Phonology - Bengali Language
Difficulties faced by NBS in speaking English
Training of EFL/ESL teachers/trainers for NBS
Teaching pronunciation to students of EFL/ESL in Bangladesh
Teaching English is a global phenomenon. It is a multi-billion dollar industry. People from different countries, age, culture, backgrounds and gender are taking up teaching English as their profession to teach the language to Non-Native English Speakers (NNES).
Initially, Native English Speakers taught English to NNES by using methods and techniques that they had employed in teaching English in their countries or new techniques they had developed, which they thought were more effective (Brown, 2007). At different times different teachers used different methods and approaches, which they preferred. But now all agree that no single approach suits all learners. An approach needs to be authentic for a particular group of learners and it is now acknowledged that one group of learner is different from another group in more than one way. Thus, English teaching approaches, besides taking into account only the educational background or age of a group, should consider learners’ cultural background, the environment in which they will use English and above all, their first language. To make teaching of English most effective, EFL/ESL teachers should take into account how a particular language relates with English and how difficult or easy it is to teach L2 learners because of the differences or similarities of L2 with English.
This essay looks at the teaching of English to Native Bengali Speakers (NBS) from Bangladesh. It does not include the Bengali speakers of West Bengal in India because the Bengali language spoken there, including phonology and cultural background of learners, is different. A separate study is needed for that.
The author reviewed the work of a few researchers who studied the phonetics and phonology of Bengali language and problems in teaching of EFL/ESL to tertiary students in Bangladesh. Some were university faculty members and others postgraduate students, who studied the relationship of the two languages, Bengali and English. Due to limitation of time and space, this essay will focus only on teaching NBS to speak English with a “neutral accent”.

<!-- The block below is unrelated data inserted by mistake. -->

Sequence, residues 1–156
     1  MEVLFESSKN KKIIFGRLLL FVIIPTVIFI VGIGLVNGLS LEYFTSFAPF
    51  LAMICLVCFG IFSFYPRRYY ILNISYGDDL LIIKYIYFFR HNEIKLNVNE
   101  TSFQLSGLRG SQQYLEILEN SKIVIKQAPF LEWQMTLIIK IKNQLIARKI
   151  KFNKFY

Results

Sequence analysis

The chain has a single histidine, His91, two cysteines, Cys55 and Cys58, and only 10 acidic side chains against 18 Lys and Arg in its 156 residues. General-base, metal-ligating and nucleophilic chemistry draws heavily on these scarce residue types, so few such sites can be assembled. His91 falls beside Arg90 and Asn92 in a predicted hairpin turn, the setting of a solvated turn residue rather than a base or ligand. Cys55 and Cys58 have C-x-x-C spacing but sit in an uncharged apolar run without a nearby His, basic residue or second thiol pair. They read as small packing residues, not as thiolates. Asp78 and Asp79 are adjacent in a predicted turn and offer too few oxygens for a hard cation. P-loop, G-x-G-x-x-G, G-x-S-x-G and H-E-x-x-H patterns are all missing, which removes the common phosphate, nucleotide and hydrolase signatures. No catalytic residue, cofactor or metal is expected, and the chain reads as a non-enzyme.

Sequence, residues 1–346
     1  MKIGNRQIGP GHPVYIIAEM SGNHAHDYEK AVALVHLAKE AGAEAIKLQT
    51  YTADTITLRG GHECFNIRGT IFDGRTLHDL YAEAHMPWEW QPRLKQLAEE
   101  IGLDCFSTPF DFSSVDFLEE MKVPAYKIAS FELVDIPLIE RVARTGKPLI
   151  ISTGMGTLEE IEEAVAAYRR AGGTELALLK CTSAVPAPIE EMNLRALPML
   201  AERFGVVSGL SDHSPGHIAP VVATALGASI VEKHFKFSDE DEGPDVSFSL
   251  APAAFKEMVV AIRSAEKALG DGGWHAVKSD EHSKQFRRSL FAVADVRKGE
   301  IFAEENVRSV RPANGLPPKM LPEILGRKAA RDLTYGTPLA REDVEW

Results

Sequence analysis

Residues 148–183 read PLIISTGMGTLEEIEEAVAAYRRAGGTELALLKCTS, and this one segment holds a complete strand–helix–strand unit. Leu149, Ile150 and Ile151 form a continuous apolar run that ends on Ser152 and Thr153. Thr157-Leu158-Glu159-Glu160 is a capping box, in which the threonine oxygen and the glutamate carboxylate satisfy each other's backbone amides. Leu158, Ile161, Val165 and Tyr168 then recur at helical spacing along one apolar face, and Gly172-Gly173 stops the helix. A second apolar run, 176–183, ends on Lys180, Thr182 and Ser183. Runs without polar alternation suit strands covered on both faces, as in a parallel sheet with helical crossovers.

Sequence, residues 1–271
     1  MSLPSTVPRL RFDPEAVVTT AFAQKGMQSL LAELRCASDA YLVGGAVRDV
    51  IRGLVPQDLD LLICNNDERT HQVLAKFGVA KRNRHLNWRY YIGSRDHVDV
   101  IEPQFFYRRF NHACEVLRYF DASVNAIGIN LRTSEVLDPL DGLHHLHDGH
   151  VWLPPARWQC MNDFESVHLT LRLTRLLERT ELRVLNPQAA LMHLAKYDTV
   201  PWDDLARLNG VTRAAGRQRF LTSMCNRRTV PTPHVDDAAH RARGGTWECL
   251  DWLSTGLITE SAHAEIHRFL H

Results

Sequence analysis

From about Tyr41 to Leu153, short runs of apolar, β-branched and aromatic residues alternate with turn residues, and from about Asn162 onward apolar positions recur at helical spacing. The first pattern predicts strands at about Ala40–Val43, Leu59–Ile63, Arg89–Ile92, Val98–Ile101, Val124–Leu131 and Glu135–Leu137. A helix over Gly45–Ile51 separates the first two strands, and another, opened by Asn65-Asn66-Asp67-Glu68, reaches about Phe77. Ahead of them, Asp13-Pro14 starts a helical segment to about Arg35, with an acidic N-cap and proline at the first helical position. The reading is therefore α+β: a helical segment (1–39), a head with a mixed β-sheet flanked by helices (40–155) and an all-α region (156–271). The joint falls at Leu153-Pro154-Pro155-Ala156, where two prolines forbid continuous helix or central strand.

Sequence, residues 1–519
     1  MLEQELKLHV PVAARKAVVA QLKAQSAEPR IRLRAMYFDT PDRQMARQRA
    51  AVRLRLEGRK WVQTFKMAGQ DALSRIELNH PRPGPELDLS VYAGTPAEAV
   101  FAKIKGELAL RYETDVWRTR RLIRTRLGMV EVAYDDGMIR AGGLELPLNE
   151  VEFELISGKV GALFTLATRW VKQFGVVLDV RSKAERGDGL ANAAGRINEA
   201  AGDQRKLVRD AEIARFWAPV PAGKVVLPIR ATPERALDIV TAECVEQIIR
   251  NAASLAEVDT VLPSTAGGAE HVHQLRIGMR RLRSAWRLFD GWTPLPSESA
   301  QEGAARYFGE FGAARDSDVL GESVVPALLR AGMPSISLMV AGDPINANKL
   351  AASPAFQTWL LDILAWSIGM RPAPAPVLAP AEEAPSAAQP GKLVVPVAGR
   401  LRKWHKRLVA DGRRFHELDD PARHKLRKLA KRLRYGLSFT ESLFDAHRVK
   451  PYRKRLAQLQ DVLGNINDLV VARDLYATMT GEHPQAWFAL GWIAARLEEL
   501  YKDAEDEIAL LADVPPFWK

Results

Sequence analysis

In a “neutral accent” (author’s definition) speakers pronounce English phonemes and words clearly, which are intelligible to all. Listeners hearing a person speaking in “neutral accent” are unable to tell the country of origin of the speakers. To acquire such an accent, first the learners must become familiar with the phonological systems of English and their native language, in this case Bengali. In such a teaching approach an attempt is to be made to find out if the differences in the sound systems between the two languages, if any, cause any difficulties in teaching English to the L2 learners and why, and how to rectify that.
This essay mentions the observations made by researchers on the phonology of Bengali language, its differences with the phonology of English. It also looks at the results, obtained by the researchers, from empirical studies, on motivational factors affecting the learning of English by NBS, at tertiary level, problems they face in learning to speak English and their suggested solutions. Based on his personal experiences, the author makes his own recommendations on how to make teaching of Spoken English effective, particularly pronunciation, to NBS in Bangladesh.
The author, who is originally from Bangladesh, came across many NBS, including English teachers, who had many years of experience in English, can read and write English fairly well and also speak English fluently. But they speak English with a heavy accent, which carries traces of their language of origin, Bengali. Such speech is not intelligible to a NES or NNES from outside Bangladesh. They acquired such pronunciation because an NBS when speaking English, and pronouncing an English word, which has a sound that is not present in Bengali, replaces that sound with another Bengali sound, which according to them is similar to the English sound.
In Bangladesh there are about three dozen public universities and well over 60 private universities, which are recognised by the country’s University Grants Commission. According to the Country Educational Profile (CEP) published by NOOSR of the Department of Education in Australia, the public universities in Bangladesh fall into Category I and Category II, where Category I is the highest category. The highest category in which any private university has been placed is Category II. Public universities are subsidised by the government and tuition fees are minimal.
- Quote paper
- Amin Rahman (Author), 2012, Difficulties of teaching English to native Bengali speakers, Munich, GRIN Verlag, https://www.grin.com/document/314089